John Lewis pledges to completely decarbonise operations by 2050
today Mar 20, 2019
UK department store chain John Lewis & Partners has committed to reducing its operational greenhouse gas emissions to net zero by 2050 across all shops, head offices, distribution centres and transportation.
The plan involves significant investment in new refrigeration technology, biomethane-powered trucks, electric vans and renewable electricity.
By 2028, the company hopes to have removed a third of carbon from its operations, and by 2045 the retailer’s goal is to have a zero carbon transport fleet.
The latter will be of particular importance, as transport emissions currently contribute over 40% of John Lewis’ overall carbon footprint. The retail group has already started rolling out new biomethane-powered heavy trucks, which emit over 80% less CO2 than standard diesel alternatives.
Additionally, it is encouraging workers to embrace sustainable travel, and has already rolled out 75 electric vehicle charging points across the estate.
CUTTING EMISSIONS FROM SHOPS AND SUPPLY CHAIN
The plans also involve improving the carbon footprint of John Lewis’ physical estate. The retailer has committed to reducing its energy use by a quarter, and it wants its sites to have 100% renewable and British-sourced electricity by 2028.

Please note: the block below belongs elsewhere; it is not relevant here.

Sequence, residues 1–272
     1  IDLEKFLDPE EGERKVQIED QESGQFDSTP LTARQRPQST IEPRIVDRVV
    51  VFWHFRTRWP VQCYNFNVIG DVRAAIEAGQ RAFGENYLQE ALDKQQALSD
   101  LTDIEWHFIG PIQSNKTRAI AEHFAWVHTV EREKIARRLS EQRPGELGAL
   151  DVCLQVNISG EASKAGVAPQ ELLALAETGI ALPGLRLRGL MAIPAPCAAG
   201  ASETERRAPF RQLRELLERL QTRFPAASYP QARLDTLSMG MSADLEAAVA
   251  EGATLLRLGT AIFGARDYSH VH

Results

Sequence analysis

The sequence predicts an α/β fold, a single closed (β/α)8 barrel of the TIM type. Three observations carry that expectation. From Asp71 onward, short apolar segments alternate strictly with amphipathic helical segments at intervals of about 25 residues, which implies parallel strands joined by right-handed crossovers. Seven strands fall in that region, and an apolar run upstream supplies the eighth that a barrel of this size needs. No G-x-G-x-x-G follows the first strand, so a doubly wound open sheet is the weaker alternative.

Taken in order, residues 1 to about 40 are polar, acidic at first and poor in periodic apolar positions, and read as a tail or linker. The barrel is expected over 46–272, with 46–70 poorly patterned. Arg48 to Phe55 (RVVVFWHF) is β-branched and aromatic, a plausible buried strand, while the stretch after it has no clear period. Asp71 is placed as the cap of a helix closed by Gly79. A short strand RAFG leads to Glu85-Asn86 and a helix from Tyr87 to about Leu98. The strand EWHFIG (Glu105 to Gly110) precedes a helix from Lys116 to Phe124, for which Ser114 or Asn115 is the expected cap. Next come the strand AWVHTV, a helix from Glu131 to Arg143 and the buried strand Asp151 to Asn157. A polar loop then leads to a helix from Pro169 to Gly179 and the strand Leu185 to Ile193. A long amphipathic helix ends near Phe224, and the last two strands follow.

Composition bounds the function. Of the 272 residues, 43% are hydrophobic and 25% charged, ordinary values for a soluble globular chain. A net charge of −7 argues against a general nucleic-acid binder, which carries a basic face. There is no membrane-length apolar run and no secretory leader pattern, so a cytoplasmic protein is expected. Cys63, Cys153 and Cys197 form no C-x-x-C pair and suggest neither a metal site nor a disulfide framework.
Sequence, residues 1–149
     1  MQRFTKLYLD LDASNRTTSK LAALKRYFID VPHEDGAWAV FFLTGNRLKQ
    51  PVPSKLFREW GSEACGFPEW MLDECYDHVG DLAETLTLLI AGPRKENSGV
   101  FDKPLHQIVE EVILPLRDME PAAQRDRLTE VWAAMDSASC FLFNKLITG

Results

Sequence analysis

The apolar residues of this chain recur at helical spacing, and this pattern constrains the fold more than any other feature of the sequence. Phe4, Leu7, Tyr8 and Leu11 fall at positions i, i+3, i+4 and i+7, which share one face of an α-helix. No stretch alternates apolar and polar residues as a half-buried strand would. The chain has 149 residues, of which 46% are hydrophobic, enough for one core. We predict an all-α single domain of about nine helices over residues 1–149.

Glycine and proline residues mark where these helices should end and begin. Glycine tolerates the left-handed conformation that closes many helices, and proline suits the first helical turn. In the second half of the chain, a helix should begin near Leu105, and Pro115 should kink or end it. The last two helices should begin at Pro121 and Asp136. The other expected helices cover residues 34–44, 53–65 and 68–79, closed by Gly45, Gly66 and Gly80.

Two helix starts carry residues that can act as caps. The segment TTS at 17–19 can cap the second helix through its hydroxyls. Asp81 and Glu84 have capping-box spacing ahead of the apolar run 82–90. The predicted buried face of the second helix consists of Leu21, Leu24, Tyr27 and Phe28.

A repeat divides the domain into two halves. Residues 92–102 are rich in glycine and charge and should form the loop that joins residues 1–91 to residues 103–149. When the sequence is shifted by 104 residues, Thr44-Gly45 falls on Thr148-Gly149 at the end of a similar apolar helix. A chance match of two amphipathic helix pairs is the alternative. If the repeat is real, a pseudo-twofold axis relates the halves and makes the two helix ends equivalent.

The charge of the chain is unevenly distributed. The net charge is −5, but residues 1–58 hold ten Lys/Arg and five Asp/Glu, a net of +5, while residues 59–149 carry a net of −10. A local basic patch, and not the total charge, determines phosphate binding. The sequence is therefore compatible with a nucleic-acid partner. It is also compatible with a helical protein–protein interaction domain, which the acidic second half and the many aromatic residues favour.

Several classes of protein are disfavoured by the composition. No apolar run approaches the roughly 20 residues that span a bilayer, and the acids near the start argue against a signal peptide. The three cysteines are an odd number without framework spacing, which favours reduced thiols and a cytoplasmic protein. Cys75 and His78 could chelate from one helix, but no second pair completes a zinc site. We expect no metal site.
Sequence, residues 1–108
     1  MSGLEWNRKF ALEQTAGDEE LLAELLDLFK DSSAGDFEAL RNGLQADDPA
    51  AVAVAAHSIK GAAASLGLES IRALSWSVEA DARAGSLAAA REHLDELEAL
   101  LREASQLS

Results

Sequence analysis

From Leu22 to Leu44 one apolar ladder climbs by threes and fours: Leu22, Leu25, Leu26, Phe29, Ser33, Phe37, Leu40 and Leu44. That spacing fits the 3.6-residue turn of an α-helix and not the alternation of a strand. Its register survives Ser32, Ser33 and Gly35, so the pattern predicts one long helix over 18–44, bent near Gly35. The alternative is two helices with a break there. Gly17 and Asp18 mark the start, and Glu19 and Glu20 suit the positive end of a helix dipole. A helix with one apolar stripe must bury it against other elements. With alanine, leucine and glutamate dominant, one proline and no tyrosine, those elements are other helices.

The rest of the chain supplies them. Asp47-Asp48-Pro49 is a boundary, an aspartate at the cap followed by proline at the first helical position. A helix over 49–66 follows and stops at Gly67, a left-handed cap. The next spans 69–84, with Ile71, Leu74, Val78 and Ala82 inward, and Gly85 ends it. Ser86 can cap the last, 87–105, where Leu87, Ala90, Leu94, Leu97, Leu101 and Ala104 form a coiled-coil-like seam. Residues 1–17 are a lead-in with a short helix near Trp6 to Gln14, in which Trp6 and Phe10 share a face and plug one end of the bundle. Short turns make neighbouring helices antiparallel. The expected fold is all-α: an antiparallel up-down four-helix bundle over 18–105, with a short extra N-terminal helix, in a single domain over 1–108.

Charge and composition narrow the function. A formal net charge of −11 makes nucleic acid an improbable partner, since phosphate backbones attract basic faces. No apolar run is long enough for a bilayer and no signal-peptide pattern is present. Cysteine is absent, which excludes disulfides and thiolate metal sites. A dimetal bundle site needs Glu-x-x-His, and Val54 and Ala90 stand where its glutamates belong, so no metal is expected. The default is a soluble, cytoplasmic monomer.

Currently 110 John Lewis and Waitrose shops are BREEAM-certified, and the company will continue to apply the same approach to every construction project.
And the retailer announced it will carry out assessments of its supply chain to set further targets aligned with the goals of the Paris Accord. This will be in addition to sourcing key raw materials sustainably and reducing plastic waste.
Benet Northcote, director of corporate responsibility, said: “We recognise that urgent action is needed to keep global warming below 1.5C to avoid the most dangerous impacts of climate breakdown, and we are responding with our most ambitious set of targets yet, aiming to decarbonise as much as we can in the next 10 years and setting out a clear path to becoming a net zero operation."
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